Pointless birthdays

Did you know the Earth is weightless?

Yeah, I know: it sounds like I’ve been on the crazy pills again, and you’re probably saying “if you think that, mate, have a go at picking it up”. But it’s true! Weight is a measurement of the influence of gravity on an object, and because the main thing that causes gravity around here is Earth, it becomes impossible to weigh it.

But it does have a mass: 5,212,000,000,000,000 tons. Think that’s big? Naah. It’s tiny. Look how big some things are.

But Earth is still growing, so give it a chance. Dust and tiny cosmic debris lands on Earth all the time, adding a few million tons to the weight every year, and slowing it down. Rick Waller probably had quite an influence on our speed too, like keeping an anchor in the boot of your car. But most of the time you’d never spot the changes to our planet. In fact, you’d probably be amazed how much stuff happens to our planet that you don’t notice.

For example, last year there was a massive earthquake off the coast of Japan. Lots of people in Japan noticed, because it got quite damp underfoot, the buildings kept toppling over, and they all glowed red with radioactivity for a while. But over here in the UK you only knew about it if you watched the news. The actual quake was undetectable to us.

But it was so powerful it tilted our entire planet on its axis by 17 cm, and added about half a second to the time it takes us to orbit the Sun.

Think of all those earthquakes down the centuries, millenia and eras. Several per year, many of them much larger than the Japanese quake. Think of all those half seconds added to our orbit. Is a year now the same as a year was when the mammoth roamed the planet? Undoubtedly not!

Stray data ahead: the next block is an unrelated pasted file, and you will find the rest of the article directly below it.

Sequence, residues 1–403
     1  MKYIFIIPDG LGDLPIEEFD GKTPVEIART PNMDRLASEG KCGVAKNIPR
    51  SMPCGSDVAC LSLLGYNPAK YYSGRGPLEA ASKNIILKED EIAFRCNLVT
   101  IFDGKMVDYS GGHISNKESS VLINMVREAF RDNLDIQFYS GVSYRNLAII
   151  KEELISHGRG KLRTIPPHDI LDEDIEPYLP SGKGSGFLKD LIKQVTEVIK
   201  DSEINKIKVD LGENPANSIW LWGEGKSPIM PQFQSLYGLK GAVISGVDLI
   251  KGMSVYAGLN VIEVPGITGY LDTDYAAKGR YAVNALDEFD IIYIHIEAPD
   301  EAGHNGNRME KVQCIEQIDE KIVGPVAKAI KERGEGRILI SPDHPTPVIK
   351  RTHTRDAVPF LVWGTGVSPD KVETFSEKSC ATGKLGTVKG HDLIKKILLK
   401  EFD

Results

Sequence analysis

So why bother celebrating birthdays? What are we even measuring? Yesterday marked the point when I’d been around the sun 42 times. Whoop-de-do. It looks the same from every angle as far as I’m concerned, so what’s the big deal? I’ve been round IKEA more than 42 times, and it seemed to take longer too, so why don’t I get a card for that?

(Not that I got many cards. It’s one of the things that the internet is killing off. I got a few texts and emails, and somebody threw virtual livestock at me on Facebook, but real-life, physical cards seem to be teetering on the brink of extinction, along with handwriting and newspapers.)

The whole “age” thing is meaningless, and that’s not just because I feel narked about only getting one card, dammit. I really feel that it’s utterly pointless to count birthdays after the age of 12. I used to think it was worth counting up until 65, so you knew when to retire. But the retirement age seems to be accelerating away from me faster than I’m aging, and I’m pretty convinced my fate is to work until I keel over dead, and have my pay docked if I stop generating income for the International Entirety Corporation one second before my heart stops splashing in my chest.